Why We Cannot Remember Our Dreams

This photo is copyright (c) 2013 and made available under wikimedia commons license

It is believed that the average person spends about two hours per night dreaming, with all the action taking place while you are in REM sleep. You would think that with that much time devoted to dreams each day, we would all waked up and have a vivid memory of at least some part of it. The reality is that while some of the dream may stick with us when we first wake up, it is usually all gone by the time we head downstairs for a morning cup of coffee. Yes, there are some dreams that stay with us in startling detail, but those are generally the ones that are in some way vivid and horrific in a way that is incredibly difficult to shake.

 

There has to be some scientific reason as to why our dreams seem to drift away the moment that the first rays of daylight penetrate our eyelids. Sleep researchers have yet to truly pinpoint exactly why it happens, but the general consensus is that it has to do with the way in which the brain stores memories and how it operates when we are asleep. There is a whole bunch of technical brain stuff that will help explain it, but if I try to explain it to you here, there is a pretty strong chance that you will be asleep, and dreaming, before you reach the end of the paragraph.

 

This photo is copyright (c) 2013 and made available under wikimedia commons licenseThe question then becomes how we can go about remembering the things we dream about every night. This is an important question if you are one of those that believe that what we see in our sleep are messages from our subconscious mind that are alerting us to potential issues in our lives. There are in fact several ways, some easy, others a bit more difficult, to remember the dreams we have, and all it really takes is a little bit of practice.

 

The simplest way to start cataloguing your dreams is to keep a journal on your bedside table. The moment you wake, you should write down every little thing that you remember about your dream. Some days may result in nothing more than a couple of objects you remember, while others will provide you with landscapes and scenarios that stick with you in glaring detail, all of which would likely be lost if you didn’t commit them to paper. It’s not your fist instinct to think about that in the morning, though, so it may take a little time to get in the habit of grabbing that journal the moment you wake.

 

That is on the easy end of the dream remembering scale, with lucid dreaming found at the other, more difficult end. If you don’t already know, lucid dreaming is the practice of basically being aware of what is going on within your dream and then stepping inside and controlling where it goes. It is believed that everyone possesses the ability to lucid dream, but it is not a skill that will happen over the course of a couple of nights. With a little bit of grim determination, though, you might very well be able to control all that happens in your dream world, making it easy to remember and record all of the events when you wake.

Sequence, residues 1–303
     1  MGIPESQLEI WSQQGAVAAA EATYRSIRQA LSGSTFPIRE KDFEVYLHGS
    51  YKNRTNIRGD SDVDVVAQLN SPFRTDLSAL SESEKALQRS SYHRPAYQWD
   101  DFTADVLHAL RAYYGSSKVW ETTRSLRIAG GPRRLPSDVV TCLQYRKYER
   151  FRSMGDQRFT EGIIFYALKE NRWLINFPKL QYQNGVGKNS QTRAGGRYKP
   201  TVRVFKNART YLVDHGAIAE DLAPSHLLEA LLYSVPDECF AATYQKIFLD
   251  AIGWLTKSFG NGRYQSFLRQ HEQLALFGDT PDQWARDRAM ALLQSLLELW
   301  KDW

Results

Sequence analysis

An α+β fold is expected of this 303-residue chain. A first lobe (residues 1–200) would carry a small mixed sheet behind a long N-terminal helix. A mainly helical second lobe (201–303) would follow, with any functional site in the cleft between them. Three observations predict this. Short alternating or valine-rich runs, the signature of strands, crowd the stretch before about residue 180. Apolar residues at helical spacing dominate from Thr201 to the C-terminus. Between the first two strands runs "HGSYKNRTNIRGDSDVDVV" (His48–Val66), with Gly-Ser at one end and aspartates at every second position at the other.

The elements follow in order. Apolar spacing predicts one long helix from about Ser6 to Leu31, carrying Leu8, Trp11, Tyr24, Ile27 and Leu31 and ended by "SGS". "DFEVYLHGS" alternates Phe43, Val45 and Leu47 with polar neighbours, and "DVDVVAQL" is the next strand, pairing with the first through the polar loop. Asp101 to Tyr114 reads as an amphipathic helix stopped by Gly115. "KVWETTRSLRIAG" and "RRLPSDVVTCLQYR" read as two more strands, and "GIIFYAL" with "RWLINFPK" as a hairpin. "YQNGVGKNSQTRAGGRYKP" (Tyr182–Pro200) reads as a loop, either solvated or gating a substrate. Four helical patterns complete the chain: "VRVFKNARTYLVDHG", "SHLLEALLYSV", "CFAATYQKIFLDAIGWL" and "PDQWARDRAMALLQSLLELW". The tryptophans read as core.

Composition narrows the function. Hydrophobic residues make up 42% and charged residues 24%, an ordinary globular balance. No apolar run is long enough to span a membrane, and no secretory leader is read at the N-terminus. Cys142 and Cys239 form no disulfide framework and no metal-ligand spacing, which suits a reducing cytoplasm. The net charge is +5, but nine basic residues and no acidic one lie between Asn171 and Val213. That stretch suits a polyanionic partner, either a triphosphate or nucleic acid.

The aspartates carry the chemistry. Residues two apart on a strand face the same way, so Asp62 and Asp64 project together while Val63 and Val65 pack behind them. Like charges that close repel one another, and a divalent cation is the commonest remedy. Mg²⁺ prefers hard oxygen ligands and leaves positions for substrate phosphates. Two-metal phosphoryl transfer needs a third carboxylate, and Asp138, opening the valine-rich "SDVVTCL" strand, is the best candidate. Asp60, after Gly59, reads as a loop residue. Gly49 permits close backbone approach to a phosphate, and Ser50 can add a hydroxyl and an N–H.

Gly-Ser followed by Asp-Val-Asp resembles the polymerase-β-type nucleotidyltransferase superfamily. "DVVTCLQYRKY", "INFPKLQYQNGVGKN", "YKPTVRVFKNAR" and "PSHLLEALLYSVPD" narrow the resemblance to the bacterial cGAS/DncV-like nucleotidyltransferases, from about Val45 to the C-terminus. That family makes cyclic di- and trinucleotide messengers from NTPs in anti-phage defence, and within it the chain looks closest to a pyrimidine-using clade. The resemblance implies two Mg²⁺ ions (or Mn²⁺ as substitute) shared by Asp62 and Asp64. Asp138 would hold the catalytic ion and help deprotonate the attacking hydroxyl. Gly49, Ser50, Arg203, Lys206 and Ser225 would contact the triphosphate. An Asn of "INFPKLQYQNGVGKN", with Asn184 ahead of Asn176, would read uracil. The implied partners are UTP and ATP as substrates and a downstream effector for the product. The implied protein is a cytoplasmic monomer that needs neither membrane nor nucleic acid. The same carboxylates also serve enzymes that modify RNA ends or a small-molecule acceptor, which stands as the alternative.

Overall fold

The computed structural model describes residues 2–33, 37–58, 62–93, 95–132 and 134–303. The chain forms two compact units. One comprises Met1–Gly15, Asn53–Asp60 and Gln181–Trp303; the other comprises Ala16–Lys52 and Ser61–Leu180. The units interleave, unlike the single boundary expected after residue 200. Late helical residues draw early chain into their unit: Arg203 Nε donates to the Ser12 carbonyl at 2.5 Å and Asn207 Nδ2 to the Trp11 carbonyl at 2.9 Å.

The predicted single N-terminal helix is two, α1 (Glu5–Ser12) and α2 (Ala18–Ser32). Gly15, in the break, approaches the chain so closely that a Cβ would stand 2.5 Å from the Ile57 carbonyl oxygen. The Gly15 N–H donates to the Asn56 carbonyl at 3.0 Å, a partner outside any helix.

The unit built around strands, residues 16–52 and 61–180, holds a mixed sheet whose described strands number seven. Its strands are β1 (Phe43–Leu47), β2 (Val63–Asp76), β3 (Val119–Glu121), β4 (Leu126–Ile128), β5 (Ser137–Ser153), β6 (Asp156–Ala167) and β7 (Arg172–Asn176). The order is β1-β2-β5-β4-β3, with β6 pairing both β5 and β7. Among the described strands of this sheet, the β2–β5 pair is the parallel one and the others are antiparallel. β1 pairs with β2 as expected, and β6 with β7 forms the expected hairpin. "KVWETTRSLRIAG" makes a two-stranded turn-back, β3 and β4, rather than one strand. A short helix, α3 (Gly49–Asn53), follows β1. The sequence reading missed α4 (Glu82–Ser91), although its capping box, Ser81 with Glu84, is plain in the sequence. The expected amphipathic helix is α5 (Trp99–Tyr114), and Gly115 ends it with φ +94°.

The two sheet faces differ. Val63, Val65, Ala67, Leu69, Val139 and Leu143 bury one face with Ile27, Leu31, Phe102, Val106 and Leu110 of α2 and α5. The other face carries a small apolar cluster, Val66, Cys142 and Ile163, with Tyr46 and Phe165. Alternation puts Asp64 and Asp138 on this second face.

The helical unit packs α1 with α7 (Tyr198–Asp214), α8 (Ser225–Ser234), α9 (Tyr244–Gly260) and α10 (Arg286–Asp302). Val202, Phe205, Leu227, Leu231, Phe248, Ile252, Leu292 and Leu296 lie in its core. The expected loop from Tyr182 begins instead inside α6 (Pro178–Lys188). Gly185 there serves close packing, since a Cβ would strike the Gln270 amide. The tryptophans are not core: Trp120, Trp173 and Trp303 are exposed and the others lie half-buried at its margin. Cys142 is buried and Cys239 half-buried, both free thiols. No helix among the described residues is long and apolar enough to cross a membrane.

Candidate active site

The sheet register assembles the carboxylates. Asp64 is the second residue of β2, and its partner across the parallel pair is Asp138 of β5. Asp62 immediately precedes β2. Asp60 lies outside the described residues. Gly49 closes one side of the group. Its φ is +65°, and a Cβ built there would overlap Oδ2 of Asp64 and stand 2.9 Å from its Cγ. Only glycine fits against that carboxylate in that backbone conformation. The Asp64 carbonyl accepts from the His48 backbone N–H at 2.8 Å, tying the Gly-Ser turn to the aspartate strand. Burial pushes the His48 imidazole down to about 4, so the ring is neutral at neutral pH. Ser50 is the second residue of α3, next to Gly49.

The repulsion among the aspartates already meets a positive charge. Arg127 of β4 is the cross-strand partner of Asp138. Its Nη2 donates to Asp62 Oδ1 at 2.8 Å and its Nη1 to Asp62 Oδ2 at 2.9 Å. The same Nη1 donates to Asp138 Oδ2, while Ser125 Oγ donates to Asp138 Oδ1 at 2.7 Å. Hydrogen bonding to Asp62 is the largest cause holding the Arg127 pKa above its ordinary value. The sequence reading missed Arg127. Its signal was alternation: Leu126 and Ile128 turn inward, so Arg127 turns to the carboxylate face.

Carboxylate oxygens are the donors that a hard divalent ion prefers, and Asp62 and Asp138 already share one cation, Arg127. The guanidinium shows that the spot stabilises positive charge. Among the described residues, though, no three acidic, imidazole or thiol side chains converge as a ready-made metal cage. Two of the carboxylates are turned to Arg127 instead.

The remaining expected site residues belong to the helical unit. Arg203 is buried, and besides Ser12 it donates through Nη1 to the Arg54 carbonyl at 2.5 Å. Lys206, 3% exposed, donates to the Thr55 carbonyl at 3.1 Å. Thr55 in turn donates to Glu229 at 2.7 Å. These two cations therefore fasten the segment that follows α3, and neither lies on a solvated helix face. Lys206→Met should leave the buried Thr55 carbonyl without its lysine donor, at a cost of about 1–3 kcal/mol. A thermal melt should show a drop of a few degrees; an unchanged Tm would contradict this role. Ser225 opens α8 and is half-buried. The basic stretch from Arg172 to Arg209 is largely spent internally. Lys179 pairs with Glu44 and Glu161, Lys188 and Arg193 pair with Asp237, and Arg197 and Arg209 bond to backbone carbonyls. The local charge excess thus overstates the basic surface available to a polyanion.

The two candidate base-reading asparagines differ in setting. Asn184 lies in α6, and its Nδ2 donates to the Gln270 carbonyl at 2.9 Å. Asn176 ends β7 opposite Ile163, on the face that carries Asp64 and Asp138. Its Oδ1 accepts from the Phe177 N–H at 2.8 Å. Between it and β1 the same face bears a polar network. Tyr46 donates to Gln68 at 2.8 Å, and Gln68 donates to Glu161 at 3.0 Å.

This photo is copyright (c) 2013 and made available under wikimedia commons license

 

There is a belief that you can also basically will yourself to remember your dreams when you hit the sack for the evening. This involves telling yourself that you will remember all that you “see,” planting the idea in your subconscious before the lights go out for the night. It also helps if you try to develop a regular sleep schedule, as research has shown that people do much better at remembering their dreams when they go to bed and rise and the same times every day.

 

It can be incredibly frustrating to wake up after a great dream, only to find that the memory of it fades in a matter of moments. Perhaps you can have great dreams every night by combining a couple of the methods outlined above. Write down all of your dreams in a journal, and then practice lucid dreaming so that you can easily return to the ones that were particularly happy.

 

 

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Morgan is the founder and editor of REALITYPLEX. After suffering from a life-threatening accident, he realized that the way we perceive things around us is based on our beliefs, emotions and experiences. In an effort to draw the line between perception and reality, he launched REALITYPLEX in 2011. Get to know him better and connect with him on Facebook, Twitter and G+